Don’t be too confident and don’t overdrive just to say you did a sub-9 minute lap when you still don’t really know your way around. Is the Nurburgring dangerous? It certainly is if you don’t know the circuit and you push too hard.

4 - The changing weather

Weather forecasts around the circuit are fairly useless. The mountainous Eifel region is its own microclimate which means the weather can, and does, change as frequently as it likes.

Add in to that the size of the circuit and it is fairly regular that there are different weather conditions on different parts of the track. Its common to have bright sunshine on one section and heavy rain, or even snow, on another.

Downpours can stop as fast as they start. Heading out on what appears to be a sunny lap and driving to the limit of grip might be fine in the dry, but if you come round a corner to find the next section of track wet after a sudden shower then you need to scrub off some speed fast.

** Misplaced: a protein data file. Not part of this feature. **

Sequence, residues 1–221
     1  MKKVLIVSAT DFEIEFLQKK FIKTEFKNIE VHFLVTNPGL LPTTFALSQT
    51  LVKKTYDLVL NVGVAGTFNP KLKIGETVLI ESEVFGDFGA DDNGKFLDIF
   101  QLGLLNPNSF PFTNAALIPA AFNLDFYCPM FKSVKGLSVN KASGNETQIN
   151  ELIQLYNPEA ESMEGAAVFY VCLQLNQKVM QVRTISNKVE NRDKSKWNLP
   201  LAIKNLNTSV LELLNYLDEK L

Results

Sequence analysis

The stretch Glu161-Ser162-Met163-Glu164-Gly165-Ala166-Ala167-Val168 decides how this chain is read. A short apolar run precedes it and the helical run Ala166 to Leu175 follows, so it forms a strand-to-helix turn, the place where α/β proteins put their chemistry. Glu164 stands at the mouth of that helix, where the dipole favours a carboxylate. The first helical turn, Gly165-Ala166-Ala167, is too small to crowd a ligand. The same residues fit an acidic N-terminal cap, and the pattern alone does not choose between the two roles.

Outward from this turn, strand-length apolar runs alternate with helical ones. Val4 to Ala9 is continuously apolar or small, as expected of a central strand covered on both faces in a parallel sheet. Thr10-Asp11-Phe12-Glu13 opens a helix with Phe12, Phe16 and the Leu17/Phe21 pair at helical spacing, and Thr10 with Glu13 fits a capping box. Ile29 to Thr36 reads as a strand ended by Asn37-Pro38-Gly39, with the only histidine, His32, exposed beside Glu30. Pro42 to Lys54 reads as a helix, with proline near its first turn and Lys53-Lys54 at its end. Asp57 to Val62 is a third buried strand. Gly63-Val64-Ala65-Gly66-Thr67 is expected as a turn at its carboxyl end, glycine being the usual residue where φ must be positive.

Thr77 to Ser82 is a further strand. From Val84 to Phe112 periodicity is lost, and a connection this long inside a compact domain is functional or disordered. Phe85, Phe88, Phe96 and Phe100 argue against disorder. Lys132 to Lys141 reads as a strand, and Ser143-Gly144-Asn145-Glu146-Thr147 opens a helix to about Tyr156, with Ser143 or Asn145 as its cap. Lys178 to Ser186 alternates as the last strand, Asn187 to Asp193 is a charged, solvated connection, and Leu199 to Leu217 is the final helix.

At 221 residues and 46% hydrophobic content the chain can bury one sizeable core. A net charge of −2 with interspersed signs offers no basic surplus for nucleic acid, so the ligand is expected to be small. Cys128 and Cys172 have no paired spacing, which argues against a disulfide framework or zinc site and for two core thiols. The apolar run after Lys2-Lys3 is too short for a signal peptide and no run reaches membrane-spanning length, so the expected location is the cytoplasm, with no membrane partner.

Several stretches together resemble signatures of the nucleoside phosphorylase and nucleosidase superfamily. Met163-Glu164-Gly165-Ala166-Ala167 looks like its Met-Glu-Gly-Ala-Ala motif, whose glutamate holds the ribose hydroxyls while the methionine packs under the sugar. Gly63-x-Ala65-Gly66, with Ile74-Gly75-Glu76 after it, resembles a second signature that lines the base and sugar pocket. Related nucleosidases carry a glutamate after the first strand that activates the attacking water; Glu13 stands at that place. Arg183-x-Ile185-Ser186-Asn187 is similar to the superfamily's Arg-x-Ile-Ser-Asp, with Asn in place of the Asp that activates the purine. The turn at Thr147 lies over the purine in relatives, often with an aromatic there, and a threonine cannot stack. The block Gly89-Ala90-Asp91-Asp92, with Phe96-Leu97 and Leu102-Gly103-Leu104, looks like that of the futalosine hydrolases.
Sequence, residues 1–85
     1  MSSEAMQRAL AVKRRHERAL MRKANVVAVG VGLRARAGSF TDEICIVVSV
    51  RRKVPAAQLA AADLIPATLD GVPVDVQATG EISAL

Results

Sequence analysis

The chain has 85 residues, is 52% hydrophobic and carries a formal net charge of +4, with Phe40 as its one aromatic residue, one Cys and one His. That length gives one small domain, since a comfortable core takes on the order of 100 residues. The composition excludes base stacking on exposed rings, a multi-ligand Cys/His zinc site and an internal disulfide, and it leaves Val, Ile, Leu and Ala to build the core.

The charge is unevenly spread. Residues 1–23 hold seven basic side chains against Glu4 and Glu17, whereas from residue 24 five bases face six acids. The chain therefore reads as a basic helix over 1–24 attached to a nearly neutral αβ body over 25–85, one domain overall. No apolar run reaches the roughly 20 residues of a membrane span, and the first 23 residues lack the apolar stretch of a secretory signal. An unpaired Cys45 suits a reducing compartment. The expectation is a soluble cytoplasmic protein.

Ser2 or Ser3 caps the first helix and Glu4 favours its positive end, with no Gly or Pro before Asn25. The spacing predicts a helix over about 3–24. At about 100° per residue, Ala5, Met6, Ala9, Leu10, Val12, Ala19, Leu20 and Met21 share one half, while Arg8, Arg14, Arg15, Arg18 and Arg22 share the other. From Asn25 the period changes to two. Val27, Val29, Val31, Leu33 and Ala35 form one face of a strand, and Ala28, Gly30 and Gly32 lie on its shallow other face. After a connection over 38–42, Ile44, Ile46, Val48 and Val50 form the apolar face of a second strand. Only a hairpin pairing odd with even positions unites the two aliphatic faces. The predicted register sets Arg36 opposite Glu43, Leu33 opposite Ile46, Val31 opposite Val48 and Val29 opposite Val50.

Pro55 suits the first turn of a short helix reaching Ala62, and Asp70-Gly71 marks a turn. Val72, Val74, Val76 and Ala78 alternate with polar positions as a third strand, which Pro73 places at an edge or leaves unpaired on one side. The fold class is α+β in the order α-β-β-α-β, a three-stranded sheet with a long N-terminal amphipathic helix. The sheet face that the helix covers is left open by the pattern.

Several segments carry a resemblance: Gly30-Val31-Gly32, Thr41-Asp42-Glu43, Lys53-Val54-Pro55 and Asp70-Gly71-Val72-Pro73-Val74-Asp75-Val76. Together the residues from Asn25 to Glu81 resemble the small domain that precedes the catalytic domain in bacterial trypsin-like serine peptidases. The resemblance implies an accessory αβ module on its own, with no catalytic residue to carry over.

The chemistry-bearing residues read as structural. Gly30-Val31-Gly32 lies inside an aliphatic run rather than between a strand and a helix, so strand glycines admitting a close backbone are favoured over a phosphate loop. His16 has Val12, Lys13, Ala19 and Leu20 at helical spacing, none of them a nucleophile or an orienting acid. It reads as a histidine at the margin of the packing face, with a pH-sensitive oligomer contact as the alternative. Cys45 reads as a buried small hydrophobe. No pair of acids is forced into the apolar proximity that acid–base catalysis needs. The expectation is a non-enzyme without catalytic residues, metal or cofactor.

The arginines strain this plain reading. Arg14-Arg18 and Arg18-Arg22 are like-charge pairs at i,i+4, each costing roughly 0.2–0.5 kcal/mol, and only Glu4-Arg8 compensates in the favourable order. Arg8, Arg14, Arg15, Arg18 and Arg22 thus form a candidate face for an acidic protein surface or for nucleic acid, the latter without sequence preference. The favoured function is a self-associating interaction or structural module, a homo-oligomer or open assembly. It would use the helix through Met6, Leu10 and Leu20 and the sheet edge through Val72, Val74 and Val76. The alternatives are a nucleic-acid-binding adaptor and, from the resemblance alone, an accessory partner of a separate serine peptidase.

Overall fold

Check out the video below showing a lap which started as bone dry. After a few KM the rain started to fall and there were 4 seperate crashes over the course of one lap, caused by the suddenly changing weather.

The Nurburgring in the rain is INCREDIBLY dangerous and incredibly slippery. Mastering the circuit in the dry might take 500 laps. Learning in the rain will take another 1000. 

Why is the Nurburgring so dangerous in the rain? Bits of the track that were grippy in the dry will suddenly become like ice when the tarmac is wet. The racing line changes completely for every corner. The surface itself is completely inconsistent – different sections have been resurfaced as different times. Grip levels change depending on how fresh that bit of tarmac is.